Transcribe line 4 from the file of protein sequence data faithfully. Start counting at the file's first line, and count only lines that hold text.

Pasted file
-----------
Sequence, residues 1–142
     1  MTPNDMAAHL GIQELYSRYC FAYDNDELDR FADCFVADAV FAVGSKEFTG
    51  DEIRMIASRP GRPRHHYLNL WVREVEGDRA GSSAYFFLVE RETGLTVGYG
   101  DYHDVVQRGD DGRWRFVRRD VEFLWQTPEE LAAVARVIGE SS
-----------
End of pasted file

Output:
   101  DYHDVVQRGD DGRWRFVRRD VEFLWQTPEE LAAVARVIGE SS